Two things strike us when we first listen to the Piega Classic 5.0 speakers: the large scale of the sound, and the clarity of each note.
Piega may not be a household name in the UK, but the Swiss speaker brand – which has specialised in ribbon tweeter designs since 1986 – is worth seeking out, if only for its detailed and articulate sound.
The amount of clear and crisp detail you disvcern in such a large, open soundstage is wonderful.
Subtleties are delivered so cleanly and effortlessly. The textures of the brooding, taut basslines in Massive Attack’s Angel have a grimy depth to them, while the crunchy top layers in Teardrop are beautifully delivered with plenty of space and control. It’s a very even presentation.
Considering their size, the Piegas don’t actually go too deep, but the sound is solid and meaty enough to sink your teeth into. As we carry on listening, we realise it’s the Piegas’ organisation that’s the real highlight here.
The tune 60 Feet Tall by The Dead Weather sounds so controlled, every instrument working cohesively as it charges along.
A lot of that is down to the speedy and nimble ribbon tweeter. It handles the stop and start of notes with stunning accuracy, and it’s detailed too.
The flip side of a ribbon tweeter is the slightly thin, forward character that can come through occasionally, such as with Stevie Nicks’ nasal vocals or the hard-edged guitars in most Marilyn Manson songs. The top end isn’t bright or sharp, just a tad excitable.
To temper this forwardness, you have to be careful with system-matching. Pair the Piega speakers with robust-sounding electronics – such as the Roksan Caspian M2 amplifier (£1900) – that will go hand-in-hand with the punchy rhythm while also bringing some emphasis to richness of sound.
The one area the Piega Classic 5.0s do fall short in is dynamics. Yes, they go loud and fill a room comfortably, but they don’t always fully express a song’s intent.
You can hear that with drum hits in Angel: they’re taut, but could have more positivity, more of a “thwack” – a more tactile, attacking hit than they get. Play the haunting Light of the Seven from the Game of Thrones Series 6 soundtrack, and the Piegas can’t quite convey that superb build-up of suspense fully.
The song’s long, tense build-up is more delicate than menacing, with the piano notes more gentle and contemplative than the Piegas can describe.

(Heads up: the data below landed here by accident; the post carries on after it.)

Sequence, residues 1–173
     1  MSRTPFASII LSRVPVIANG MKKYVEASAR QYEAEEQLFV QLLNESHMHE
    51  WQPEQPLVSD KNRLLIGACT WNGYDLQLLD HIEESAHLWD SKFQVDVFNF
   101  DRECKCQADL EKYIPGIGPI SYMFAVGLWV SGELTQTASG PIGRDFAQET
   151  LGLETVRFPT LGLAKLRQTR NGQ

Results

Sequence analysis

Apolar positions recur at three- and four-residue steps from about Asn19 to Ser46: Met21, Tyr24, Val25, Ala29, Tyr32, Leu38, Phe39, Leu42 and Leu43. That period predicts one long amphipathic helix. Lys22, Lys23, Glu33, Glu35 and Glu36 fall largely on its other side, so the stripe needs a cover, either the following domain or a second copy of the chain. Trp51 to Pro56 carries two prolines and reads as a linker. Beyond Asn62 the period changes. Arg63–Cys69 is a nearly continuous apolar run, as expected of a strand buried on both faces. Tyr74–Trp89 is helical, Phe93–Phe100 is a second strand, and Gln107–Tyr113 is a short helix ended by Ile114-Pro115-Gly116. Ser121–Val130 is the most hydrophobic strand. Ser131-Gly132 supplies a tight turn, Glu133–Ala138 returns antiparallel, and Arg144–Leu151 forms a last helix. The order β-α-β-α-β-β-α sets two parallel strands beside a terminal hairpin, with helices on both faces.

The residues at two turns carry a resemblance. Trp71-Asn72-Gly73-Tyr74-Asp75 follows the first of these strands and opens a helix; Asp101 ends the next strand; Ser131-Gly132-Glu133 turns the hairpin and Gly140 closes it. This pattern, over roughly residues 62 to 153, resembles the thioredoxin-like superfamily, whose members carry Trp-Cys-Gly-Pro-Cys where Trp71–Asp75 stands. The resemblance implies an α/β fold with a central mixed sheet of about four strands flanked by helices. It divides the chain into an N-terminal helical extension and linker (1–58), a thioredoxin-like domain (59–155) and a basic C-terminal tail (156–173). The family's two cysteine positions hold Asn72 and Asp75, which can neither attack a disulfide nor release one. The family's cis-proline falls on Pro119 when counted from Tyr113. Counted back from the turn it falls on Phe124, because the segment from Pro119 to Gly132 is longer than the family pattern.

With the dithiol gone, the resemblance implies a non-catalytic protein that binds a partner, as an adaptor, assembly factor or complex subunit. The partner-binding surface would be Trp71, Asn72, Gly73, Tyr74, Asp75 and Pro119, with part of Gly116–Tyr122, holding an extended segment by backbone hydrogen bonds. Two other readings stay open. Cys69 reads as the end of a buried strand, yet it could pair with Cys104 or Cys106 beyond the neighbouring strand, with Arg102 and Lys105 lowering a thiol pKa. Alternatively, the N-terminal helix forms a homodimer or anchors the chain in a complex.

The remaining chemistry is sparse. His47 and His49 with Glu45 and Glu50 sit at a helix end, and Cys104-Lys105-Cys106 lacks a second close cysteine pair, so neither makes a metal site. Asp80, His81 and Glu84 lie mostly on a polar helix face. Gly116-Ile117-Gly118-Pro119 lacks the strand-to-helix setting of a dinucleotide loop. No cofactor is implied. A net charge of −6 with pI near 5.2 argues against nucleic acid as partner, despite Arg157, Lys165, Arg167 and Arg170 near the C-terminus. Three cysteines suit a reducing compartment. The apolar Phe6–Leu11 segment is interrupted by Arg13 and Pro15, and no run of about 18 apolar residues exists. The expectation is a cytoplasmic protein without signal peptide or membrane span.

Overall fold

The Piegas are too heavy-handed in this case, stomping around like a pantomime villain. The speakers don’t drop as effectively into silence as the might, either, robbing the tune of some of its effect.
You hear this with voices, too. Christine McVie’s voice is laid bare on Songbird, but we could do with hearing more of the dynamic expression in her voice to really engage with the music.
In this price range, the Award-winning Tannoy Revolution XT6F offers a bigger, bassier sound with a really lively, dynamic character. They’re not as clean-sounding as the Piegas though. And as a left-field choice, the petite Neat Iota Alpha (£1350) sounds more expressive, even if lacking the clarity of the Piegas.
Don’t get us wrong: the Piega Classic 5.0s do plenty right. Their agile, refined detail is lovely to hear.
But without that handle on dynamics, without that subtle ebb and flow that’s so crucial to music, the Piegas aren’t as expressive and musical as we want them to be.
Build and compatibility
The Piega Classic 5.0s are medium-sized floorstanders – not too physically imposing, but big enough to fill a room with big, weighty sound.
The build is of a high standard, the speakers feeling solid and looking elegant. The high gloss finish looks superb, polished to an almost mirror-like surface – we don’t tend see such depth in high gloss finishes at this price.
You can get the Classic 5.0s in our review sample’s black, white or a gorgeous Macassar finish – you’ll have to dish out an extra £350 for the latter, but having seen it on the Classic 3.0 standmounters, it may well be worth the extra.
The Classic 5.0 speakers are a 2.5 way design: Piega’s AMT-1 ribbon tweeter, followed by two 13cm drivers. One handles midrange and bass, the second one is dedicated to the low end only.
The speakers come with a sturdy base plate, with spikes that should be screwed in before positioning the floorstanders in your room.
It’s worth taking time setting up these speakers: not having the spikes tightened or level can have a knock-on effect on the tautness of the bass and the speakers’ overall precision. Don’t place them close to a wall, as that saps that wonderfully huge, airy scale of sound.
Give them plenty of space to breathe in the room, and position them straight on – not toed-in towards the listening position – to soften that forward treble.
There’s obvious care taken in constructing these speakers, and if yu give them the attention they require you should get plenty of mileage and enjoyment out of them.
Despite our grumbles about lack of subtle dynamics – the only area in which the Piegas are really exposed – the Classic 5.0s are elegant, richly detailed speakers whose articulate nature shouldn’t be dismissed.